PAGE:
My heart was broken over the recent verdict in the George Zimmerman murder trial of Trayvon Martin.
As a college professor who teaches classes on African American Culture from 1865-Present, The Philosophy of W.E.B. DuBois and Examining Diversity through Film, I was somewhat prepared for the verdict. It’s not as if there weren’t historical precedent for a verdict like this.
We’ve read or seen it in “To Kill a Mockingbird,” the Denzel Washington film “The Hurricane,” the Leo Frank murder trial and the Scottsboro boys trial.
And we’ve even seen the reverse of it in the O.J. Simpson trial. I remember how racially polarized our country was when that verdict arrived. Many whites saw it clearly as an unfair verdict, while most blacks and many other racially underrepresented people silently, if not outwardly, celebrated Simpson’s not-guilty verdict largely on the mere fact that a black person actually beat the system.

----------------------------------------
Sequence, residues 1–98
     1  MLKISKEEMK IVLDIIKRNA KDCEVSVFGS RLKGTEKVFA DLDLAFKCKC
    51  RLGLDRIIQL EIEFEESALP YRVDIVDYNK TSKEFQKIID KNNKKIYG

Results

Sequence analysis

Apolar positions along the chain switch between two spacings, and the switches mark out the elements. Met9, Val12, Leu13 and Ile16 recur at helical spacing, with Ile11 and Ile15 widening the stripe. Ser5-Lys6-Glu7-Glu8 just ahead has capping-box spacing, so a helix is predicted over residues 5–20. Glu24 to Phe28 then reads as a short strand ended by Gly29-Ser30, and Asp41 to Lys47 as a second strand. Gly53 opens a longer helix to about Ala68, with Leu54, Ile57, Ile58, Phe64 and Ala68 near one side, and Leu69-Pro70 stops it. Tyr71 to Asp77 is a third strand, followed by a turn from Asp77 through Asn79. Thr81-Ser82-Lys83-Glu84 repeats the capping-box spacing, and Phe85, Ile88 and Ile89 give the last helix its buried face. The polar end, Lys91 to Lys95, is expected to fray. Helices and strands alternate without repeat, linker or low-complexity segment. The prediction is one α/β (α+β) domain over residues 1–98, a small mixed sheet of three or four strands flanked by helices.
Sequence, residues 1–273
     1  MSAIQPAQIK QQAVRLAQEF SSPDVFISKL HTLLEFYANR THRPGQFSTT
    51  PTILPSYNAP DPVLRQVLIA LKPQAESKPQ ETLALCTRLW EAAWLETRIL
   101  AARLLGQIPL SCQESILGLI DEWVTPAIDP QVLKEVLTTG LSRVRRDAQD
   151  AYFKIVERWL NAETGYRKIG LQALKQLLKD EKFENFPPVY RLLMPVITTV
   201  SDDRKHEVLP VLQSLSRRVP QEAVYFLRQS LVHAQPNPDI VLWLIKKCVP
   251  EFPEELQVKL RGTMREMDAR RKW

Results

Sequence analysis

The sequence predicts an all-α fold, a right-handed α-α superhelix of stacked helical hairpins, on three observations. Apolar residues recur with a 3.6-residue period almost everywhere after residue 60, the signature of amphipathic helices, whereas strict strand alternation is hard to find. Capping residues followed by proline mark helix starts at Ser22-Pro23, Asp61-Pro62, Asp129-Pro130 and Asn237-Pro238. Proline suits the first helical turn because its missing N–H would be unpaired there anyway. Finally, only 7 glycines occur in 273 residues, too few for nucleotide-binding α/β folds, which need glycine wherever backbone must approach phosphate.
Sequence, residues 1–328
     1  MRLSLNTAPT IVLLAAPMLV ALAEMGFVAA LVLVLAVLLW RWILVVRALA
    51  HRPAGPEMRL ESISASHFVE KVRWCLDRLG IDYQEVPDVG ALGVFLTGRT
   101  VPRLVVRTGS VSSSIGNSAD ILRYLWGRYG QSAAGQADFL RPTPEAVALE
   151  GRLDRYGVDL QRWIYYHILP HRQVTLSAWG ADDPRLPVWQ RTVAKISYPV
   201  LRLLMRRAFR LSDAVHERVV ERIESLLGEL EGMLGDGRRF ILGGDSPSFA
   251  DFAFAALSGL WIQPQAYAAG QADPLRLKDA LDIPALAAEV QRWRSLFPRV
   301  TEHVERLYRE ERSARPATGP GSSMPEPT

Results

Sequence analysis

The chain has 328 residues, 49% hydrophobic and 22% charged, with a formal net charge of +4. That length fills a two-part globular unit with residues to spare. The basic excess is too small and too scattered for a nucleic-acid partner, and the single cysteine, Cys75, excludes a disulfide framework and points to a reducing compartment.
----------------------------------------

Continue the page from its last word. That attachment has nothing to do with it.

It didn’t hurt that he had the money to buy a top-notch defense team. Oh, and it didn’t hurt that his jury was heavily racially represented in Simpson’s favor with nine blacks, two whites (both women) and one Hispanic.
If Zimmerman had been drunk and hit Trayvon with his car, he would more than likely have been found guilty of manslaughter. But Zimmerman being “drunk” with a desire to be more important than he was is exonerated. Only in America, home of the brave, land of the free — as long as you aren’t a black youth and that freedom isn’t practiced at night in a hoodie.
All I can think of is how I would have felt hearing that verdict of not guilty if it were my son who had been stalked by an overeager wanna-be cop who was told by the police to leave him alone.